Martin (and Tony) total non-sequiturs.  Trying to make a serious point.

Sorry guys wrong forum.  Gave it a go.  Out of here......

Donuk beautiful downtown York

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2 hours ago, Metatron said:

https://www.stereophile.com/reference/1095cable

I hope it isn't taken as definitive evidence by believers in 'night and day' differences. Sure, there are finer things at work in cables, but audibility of them remains questionable and usually doesn't make it through ABX tests.

I similarly hope it isn't taken as definitive evidence, because there is an awful lot going on there that is supposition wrapped up as fact. More saliently is that, as is so often the case in similar examples, what is mentioned as 'significant' is actually anything but. The question is not whether there are any physical properties, of course there are, the question is whether there are any that could possibly have any audible effect at audio frequencies. If your hearing range extends to around 100 MHz then you might have a problem :D

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2 hours ago, Donuk said:

Martin (and Tony) total non-sequiturs.  Trying to make a serious point.

Sorry guys wrong forum.  Gave it a go.  Out of here......

Donuk beautiful downtown York

I was making a serious point too.

Just because everything might not be fully understood from a theoretical point of view it does not mean that you can't conclude things from measured data. Measuring the voltage waveform at different stages along the HiFi chain is not a challenging task, and so for situations where there is demonstrably no difference in this waveform then there is no possibility for there to be an acoustic difference. 'Burn-in' is a real phenomenon when it does make a measurable difference but not when it doesn't. No new physical model of a currently not understood process can change this fact.

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Thanks all for the replies, good thread, and some great contributions whatever side of the fence you are on. Thought it might be a knife fight :)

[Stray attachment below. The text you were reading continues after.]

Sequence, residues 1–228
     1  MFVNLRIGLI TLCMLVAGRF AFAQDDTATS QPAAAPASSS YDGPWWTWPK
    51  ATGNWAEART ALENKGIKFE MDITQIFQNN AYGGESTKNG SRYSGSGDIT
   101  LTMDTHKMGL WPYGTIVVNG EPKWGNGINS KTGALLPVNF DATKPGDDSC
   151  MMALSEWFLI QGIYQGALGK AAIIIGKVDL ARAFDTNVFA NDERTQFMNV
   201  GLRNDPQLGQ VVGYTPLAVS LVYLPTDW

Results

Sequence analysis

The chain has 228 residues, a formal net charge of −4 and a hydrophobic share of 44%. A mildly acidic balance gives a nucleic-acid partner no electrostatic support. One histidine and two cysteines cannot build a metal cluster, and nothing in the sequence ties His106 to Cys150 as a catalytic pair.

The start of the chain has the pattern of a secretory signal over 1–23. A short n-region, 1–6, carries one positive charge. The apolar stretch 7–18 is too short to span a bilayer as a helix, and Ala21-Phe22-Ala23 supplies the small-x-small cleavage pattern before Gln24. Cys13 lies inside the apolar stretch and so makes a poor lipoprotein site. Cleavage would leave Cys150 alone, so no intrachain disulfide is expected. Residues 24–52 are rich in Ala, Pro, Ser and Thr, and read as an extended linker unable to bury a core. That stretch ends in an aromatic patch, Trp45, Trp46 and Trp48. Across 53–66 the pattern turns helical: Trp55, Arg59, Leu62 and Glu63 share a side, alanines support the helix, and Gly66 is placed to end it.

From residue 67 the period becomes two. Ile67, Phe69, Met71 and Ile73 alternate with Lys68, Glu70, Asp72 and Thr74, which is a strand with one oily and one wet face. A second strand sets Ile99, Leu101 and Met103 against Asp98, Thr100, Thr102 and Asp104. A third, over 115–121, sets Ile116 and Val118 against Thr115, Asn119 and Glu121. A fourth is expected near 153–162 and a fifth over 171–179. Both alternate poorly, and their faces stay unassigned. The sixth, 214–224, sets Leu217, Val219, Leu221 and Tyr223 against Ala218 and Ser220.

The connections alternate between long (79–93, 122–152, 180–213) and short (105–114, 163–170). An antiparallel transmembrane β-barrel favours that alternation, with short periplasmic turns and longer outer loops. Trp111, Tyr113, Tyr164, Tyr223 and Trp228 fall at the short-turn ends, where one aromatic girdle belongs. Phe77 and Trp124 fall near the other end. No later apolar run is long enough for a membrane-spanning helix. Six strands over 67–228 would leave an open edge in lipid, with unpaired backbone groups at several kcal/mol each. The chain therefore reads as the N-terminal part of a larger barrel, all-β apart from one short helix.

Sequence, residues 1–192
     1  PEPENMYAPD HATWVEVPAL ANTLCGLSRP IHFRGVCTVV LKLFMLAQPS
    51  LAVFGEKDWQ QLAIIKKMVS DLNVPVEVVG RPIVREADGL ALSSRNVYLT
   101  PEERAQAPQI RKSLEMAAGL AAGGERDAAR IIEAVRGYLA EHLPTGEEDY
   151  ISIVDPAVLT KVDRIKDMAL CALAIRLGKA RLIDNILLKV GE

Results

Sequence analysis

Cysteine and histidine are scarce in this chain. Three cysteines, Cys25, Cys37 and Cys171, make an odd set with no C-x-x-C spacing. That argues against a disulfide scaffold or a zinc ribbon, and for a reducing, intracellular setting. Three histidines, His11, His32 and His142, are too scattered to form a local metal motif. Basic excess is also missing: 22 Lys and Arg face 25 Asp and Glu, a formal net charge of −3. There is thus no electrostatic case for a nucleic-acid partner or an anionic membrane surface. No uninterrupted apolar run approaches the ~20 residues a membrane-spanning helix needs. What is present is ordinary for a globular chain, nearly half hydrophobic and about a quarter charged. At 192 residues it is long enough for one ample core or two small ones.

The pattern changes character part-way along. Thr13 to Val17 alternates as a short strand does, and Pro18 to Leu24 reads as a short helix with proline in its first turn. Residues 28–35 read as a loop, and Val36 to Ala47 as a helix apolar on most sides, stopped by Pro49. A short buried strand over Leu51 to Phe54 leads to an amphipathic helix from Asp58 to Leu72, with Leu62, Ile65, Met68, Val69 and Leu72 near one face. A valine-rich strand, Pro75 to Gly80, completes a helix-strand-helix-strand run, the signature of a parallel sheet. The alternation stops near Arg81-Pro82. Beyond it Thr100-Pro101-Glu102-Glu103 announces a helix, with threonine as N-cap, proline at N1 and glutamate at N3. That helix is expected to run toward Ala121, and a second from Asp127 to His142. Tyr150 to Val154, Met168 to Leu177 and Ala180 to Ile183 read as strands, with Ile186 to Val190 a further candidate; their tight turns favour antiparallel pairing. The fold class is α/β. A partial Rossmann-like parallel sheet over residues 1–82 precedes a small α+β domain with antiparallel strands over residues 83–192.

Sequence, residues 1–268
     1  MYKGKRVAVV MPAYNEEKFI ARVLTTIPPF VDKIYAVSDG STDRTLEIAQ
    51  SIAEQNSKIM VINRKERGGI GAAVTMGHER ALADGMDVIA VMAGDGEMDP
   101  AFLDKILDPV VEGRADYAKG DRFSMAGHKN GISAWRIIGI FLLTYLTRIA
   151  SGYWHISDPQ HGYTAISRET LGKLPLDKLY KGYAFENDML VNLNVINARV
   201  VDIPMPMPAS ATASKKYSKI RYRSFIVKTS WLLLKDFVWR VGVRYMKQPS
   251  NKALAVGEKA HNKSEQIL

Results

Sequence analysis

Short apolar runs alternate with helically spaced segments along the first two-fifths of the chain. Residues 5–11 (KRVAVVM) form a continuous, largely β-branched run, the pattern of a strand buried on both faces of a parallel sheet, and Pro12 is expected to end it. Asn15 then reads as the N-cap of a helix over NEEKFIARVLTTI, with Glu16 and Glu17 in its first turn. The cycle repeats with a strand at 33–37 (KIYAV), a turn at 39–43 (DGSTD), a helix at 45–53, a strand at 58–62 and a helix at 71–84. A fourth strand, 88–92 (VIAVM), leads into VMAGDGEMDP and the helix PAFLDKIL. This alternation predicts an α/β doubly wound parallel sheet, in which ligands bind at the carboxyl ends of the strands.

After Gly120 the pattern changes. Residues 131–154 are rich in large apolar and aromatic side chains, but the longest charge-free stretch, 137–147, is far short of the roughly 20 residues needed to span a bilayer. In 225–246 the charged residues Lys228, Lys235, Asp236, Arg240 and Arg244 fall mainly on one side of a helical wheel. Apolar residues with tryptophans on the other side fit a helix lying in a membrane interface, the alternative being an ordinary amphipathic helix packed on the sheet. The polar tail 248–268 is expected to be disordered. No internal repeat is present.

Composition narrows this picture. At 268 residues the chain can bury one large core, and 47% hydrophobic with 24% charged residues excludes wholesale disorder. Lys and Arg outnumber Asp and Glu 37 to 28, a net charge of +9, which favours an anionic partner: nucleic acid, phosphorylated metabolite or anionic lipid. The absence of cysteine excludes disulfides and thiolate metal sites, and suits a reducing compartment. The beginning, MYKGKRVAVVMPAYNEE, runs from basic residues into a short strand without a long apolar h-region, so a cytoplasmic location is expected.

Personally I can see burn in simply as a result of the connectors connecting more due to more time as they relax into each other, more signal as a result, for cables anyway. The other side of me says no possible way but in the end I'm a believer. I get the measurable argument, and Martins recent post "'Burn-in' is a real phenomenon when it does make a measurable difference but not when it doesn't. No new physical model of a currently not understood process can change this fact." which I agree with in so far as technology supports the measurement. Is it naïve to think we create this physical object and it doesn't just settle in, just like everything else in nature--boy did I just say that.

Anyways I'm open to it but depends greatly on the medium that is burning in, some more than others, cables are a stretch for sure but the jury is still out for me on that.

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3 minutes ago, Craigas said:

 Is it naïve to think we create this physical object and it doesn't just settle in, just like everything else in nature--boy did I just say that.

1, yes. 2, yes. But I'll forgive you.

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30 minutes ago, Craigas said:

Awesome, I'm saved, at last :)

Best you check the type of priesthood Rabski is from :whistle:

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On 08/03/2019 at 12:52, Tony_J said:

Just because we don't like the answer that known physics gives us doesn't mean there is some unknown peice of physics that will explain the latest cockeyed idea we just dreamed up.

That kind of describes how physics tends to progress...9_9